Suborder : DORIDINA
Superfamily : Anadoridoidea
Family : Aegiridae, Goniodorididae, Gymnodorididae and Polyceridae

In the Anadoridoidea there is no pocket into which the gills can be withdrawn, although the gills can retract against the body when the animal is disturbed. Another name for this group is the "Phanerobranchia'"which means "visible gills".

The mantle rim is usualy reduced, sometimes indetectable.

The Aegiridae (Fischer, 1883)

The smooth rhinophores without any elaboration, which are characteristic of the Aegiridae and unique among dorids.

As a result of having an unprotected gill, these animals have developed protective appendages for the gill leaves.

A hard body with calcareous spicules.

Notodoris (Bergh, 1875)

Body and mantle :

Limaciform, firm-bodied nudibranchs with the mantle skirt reduced and indistinct.

The skin is toughened with tiny spicules.


Photo : N. minor




Gills :

Projecting pallial lobes protect the gills, which may be simple, bipinnate or tripinnate, arranged in an arc anterior to the anal papilla




Photo : N. minor

Rhinophores :

The small rhinophores are smooth and simple




Photo : N. minor

small rhinophores

Aegires (Loven, 1844)

Diagnoses of this genus have been provided by multiple authors : Lovén (1844), Schmekel and Portmann (1982), and Thompson and Brown (1984).

The body is firm, with a reduced, indistinct mantle skirt.

The dorsum is covered with numerous blunt, pedunculate dorsal tubercles.

The smooth rhinophores extend from cylindrical pallial sheaths that have tubercles around the rims.

The gill is protected by tuberculate lobes.


The Gymnodorididae (Odhner, 1941)

Gymnodoris (Stimpson, 1855)

Body and mantle :

The body is usually elongate, tapering posteriorly into a pointed tail.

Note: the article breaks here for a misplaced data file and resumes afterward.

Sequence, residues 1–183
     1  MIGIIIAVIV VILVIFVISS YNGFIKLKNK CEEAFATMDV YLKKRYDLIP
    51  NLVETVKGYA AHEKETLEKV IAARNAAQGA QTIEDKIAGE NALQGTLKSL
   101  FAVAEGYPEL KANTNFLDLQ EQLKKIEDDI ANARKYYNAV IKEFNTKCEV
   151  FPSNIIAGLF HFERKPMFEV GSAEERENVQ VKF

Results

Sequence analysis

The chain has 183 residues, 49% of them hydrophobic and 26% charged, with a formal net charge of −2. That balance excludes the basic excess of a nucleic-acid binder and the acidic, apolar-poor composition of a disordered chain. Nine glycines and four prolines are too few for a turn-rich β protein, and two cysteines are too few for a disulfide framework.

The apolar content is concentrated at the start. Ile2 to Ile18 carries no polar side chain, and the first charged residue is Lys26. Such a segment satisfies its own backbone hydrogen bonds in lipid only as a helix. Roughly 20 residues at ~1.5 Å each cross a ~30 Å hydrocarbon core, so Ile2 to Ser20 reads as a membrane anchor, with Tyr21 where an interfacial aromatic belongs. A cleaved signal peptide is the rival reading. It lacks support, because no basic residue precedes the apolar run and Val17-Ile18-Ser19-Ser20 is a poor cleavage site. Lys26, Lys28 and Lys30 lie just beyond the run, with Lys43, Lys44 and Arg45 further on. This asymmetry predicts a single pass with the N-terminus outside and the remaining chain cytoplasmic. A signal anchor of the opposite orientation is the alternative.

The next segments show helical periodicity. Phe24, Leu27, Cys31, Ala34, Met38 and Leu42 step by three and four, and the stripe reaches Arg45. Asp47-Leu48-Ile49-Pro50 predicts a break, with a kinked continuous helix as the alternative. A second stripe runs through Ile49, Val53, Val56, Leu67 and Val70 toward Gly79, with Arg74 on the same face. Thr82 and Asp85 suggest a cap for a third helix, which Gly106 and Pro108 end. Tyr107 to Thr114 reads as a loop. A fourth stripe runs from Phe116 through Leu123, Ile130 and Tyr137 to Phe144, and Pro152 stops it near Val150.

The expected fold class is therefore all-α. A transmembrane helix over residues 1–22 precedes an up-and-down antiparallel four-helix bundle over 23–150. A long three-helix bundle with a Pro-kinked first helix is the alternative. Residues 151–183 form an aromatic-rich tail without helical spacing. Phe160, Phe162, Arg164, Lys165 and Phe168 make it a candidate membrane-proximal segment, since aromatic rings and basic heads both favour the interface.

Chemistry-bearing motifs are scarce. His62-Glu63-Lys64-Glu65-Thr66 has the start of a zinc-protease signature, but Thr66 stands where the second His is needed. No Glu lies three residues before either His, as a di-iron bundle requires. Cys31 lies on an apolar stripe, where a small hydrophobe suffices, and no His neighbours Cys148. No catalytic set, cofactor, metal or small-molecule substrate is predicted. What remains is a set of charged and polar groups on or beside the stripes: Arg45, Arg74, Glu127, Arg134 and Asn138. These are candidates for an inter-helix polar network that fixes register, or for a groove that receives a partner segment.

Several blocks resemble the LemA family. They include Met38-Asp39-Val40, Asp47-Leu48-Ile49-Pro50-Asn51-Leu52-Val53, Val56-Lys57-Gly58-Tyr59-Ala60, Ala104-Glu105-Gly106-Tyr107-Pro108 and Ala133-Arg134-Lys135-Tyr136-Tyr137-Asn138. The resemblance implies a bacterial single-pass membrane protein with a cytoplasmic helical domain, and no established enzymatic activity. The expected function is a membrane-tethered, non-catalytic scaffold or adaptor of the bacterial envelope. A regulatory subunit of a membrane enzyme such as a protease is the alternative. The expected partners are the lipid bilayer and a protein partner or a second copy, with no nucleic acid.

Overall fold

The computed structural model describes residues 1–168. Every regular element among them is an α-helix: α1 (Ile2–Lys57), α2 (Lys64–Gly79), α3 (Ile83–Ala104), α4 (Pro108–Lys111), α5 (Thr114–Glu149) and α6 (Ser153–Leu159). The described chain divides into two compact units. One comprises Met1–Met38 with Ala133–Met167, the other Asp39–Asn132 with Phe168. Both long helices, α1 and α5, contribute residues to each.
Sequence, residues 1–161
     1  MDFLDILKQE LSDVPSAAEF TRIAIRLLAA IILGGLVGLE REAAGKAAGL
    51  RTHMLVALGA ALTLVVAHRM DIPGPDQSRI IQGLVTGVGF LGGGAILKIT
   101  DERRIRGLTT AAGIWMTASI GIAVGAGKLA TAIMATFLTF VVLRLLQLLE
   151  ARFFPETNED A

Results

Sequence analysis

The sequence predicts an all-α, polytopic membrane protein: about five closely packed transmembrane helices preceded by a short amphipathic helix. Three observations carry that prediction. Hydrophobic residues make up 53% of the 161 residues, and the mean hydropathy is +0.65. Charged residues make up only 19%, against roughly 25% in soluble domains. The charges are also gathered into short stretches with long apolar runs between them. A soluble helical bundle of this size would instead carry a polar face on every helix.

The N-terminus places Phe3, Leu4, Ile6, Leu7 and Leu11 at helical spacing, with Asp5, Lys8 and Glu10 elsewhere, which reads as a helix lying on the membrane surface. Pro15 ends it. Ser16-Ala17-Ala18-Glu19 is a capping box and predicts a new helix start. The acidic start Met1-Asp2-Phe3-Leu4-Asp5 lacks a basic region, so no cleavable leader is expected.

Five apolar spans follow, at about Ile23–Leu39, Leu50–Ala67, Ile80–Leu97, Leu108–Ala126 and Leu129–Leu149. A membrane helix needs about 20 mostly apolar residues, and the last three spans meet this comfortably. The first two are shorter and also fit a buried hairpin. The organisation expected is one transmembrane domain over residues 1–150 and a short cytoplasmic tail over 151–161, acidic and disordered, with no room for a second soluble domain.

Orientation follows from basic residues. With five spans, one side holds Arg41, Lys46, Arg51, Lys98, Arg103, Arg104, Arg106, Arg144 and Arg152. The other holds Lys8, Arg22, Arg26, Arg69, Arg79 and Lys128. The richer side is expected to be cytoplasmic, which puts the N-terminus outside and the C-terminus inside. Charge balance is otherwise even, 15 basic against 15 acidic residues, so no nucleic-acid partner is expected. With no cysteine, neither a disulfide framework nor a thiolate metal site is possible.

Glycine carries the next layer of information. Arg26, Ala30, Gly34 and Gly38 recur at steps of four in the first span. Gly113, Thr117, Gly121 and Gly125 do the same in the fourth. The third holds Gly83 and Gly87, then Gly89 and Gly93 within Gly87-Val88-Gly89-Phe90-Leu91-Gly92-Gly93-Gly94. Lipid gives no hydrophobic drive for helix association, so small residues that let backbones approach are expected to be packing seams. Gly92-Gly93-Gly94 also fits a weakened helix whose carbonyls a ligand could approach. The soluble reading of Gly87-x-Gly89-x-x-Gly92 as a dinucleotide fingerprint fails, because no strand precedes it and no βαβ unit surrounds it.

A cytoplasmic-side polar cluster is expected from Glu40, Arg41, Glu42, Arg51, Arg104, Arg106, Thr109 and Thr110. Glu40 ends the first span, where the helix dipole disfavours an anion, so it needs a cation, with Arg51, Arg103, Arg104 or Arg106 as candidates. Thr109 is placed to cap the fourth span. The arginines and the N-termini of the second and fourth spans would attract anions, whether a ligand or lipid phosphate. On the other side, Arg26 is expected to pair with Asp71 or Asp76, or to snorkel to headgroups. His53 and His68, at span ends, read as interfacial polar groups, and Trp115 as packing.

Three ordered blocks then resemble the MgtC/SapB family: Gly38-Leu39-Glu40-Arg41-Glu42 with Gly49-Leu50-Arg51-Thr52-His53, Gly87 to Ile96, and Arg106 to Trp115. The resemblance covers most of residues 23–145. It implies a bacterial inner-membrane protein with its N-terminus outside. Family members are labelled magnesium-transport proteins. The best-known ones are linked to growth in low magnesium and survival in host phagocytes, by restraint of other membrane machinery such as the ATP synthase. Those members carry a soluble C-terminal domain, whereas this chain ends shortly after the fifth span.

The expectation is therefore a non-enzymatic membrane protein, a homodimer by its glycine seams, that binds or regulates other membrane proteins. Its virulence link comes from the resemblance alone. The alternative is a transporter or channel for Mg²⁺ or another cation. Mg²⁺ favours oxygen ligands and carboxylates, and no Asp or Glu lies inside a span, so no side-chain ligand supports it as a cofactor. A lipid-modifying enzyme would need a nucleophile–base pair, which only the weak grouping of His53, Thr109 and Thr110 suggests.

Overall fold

The mantle edge is reduced to a slight ridge around the head.

Most species of Gymnodoris are white with yelow or orange marking, and are small, less than 20 mm in long

Photo : Gymnodoris sp



Gills :

The gills, usually simple or bipinnate, are arranged in an arc or sometimes a complete circle


Behavior :

All members of this family feed on other nudibranchs or related opisthobranchs. The will track their prey until close enough to attack. Just before closing in on the unsuspecting victim, it will rear up like a striking snake, then lunge forward, seizing its meal and swallowing it whole

The Polyceridae (Alder & Hancock, 1845)

Subfamily: Triophinae  (Odhner, 1968)

ex : Plocamopherus

Body and mantle :

Limaciform, soft-bodied doridaceans with the mantle skirt reduced to form a tuberculated ridge continuous around the frontal margin. The tubercles are often arborescent and complex and similar excrescences are sometimes found on the flanks and dorsum.

Photo : Plocamopherus sp



Gills :

The bipinnate or tripinnate gills form an arc in front of the anal papilla; they lack protective pallial lobes, but they may be flanked by paired, clubbed cerata (Plocamopherus)


Rhinophores :

Rhinophores lamellate, retractile into low, plain sheaths